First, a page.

While exchange participants acknowledged the importance of peer-to-peer support systems, they also emphasized that such networks need to be youth inspired and youth driven. “The first step is fostering a strong group identity and ensuring voluntary participation,” said Dana Borzese, Doncel’s Director of Operations. “It can’t be an obligation.” To gauge youth interest in building such a network, NCFF hosted a focus group among former foster youth participating in its programs and E-Guide members. 

Staff from NCFF and IYF pose for a photo with former foster youth in Nebraska and Argentina, who participated in a focus group aimed at exploring opportunities for greater youth engagement benefiting youth both inside and outside of the State’s foster care system. 

2 - Peer-to-peer coaching offers consistency and trust. Former foster youth possess in-depth knowledge and lived experience when it comes to navigating the system and accessing available resources. With the right training and support, peers can serve as skilled coaches.” It’s important that youth see that their problems are part of a larger societal problem around which they can work together toward shared goes,” says Borzese.

In making the case for peer coaching, care leavers in Nebraska cited the needs of youth in care for support from their older peers, and the heavy caseloads and high turnover rates among case workers. While peer coaching could help bridge some of these gaps, the type of training youth would need remain to be determined. For its part, the E-Guide has developed curricula and tools that it uses in conducting outreach to youth within residential care facilities.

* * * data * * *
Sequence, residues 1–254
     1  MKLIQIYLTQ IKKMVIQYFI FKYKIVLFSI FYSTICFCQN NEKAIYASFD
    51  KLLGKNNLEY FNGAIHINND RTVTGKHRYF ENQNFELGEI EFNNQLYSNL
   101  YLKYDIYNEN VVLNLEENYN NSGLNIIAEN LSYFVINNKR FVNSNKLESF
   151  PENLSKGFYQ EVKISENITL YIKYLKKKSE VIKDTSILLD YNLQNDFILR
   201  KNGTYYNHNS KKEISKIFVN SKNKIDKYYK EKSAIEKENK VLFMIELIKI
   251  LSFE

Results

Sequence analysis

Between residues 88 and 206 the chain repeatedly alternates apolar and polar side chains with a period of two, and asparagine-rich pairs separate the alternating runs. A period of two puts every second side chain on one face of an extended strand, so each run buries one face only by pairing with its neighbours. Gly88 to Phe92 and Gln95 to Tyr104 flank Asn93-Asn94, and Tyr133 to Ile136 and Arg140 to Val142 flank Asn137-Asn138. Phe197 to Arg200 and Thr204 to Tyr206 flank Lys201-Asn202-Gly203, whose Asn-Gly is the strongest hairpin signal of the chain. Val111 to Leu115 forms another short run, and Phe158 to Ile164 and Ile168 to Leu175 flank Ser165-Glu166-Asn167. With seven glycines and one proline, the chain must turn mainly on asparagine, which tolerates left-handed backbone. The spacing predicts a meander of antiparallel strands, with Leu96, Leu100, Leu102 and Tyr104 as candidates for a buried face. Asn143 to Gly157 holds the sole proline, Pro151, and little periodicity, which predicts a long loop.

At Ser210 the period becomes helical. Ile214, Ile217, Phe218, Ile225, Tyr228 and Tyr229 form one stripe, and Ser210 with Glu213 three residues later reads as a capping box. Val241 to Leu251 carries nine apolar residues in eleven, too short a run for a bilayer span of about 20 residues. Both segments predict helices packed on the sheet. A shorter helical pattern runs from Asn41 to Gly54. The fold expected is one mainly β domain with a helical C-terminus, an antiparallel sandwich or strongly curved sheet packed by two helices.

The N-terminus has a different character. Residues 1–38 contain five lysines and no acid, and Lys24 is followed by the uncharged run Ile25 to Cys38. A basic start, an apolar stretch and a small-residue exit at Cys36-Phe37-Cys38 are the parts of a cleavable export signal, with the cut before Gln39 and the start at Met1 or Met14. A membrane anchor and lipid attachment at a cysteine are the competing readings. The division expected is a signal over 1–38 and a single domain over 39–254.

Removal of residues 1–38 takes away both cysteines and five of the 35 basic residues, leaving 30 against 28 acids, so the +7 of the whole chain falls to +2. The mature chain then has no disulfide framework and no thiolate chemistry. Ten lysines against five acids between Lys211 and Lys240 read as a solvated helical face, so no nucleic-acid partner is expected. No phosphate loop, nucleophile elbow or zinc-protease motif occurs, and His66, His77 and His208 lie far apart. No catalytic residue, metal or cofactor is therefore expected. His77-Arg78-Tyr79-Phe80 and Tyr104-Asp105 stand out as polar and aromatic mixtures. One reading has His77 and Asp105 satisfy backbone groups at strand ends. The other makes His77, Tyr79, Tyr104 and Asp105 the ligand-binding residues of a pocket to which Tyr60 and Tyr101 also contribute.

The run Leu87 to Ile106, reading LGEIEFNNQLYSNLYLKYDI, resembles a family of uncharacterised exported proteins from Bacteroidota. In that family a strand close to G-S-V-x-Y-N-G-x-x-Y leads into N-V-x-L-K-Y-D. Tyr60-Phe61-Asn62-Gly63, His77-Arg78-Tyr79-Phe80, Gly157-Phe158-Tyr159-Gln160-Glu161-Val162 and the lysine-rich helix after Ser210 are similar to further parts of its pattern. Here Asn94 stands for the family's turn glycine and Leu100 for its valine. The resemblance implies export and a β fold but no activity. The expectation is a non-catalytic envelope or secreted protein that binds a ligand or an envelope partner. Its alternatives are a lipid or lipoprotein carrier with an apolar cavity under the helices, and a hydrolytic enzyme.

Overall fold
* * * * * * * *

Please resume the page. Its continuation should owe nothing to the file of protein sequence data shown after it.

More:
3 - Youth engagement contributes to better services and policies. Being part of a cohesive group helps nurture a shared vision of the future. Youth who have exited care excel at identifying gaps and flaws in the system. From 2015-17, E-Guide members worked closely with Doncel staff to advocate for legislation in Argentina guaranteeing youth who exit care at 18 financial support and mentoring for up to three years. E-Guide members testified before Congress and were instrumental in passing the law. Youth in Nebraska have also contributed to a number of legislative victories. The task now is to engage even greater numbers of youth as advocates at the local- and state-level. 

“The exchange taught me that the biggest impact comes from youth and young people working to raise awareness and make a difference,” said NCFF exchange participant Khalil Jordan. “Before, I used to participate but I didn’t really want to. Now I want to go to events, to speak and communicate with other youth, and build a space for young people to become stronger and do bigger things.” 

Based on the exchange, NCFF’s Connected Youth Initiative (CYI) is exploring how to take its youth engagement efforts to the next level. Plans include establishing a statewide youth advisory board to guide efforts. Advisory board members would receive leadership training to build their knowledge and skills, and work in tandem with CYI staff to explore the feasibility of launching a formalized peer coaching initiative within the State. 

"There’s real power in youth coming together to overcome barriers," said Lincoln Arneal, NCFF Director of Leadership and Engagement. "It's a question of knowing when and how to create such opportunities. We’re excited about working in partnership with our youth to explore what authentic youth engagement could look like here in Nebraska.”

Authentic Youth Engagement: 10 Steps to Consider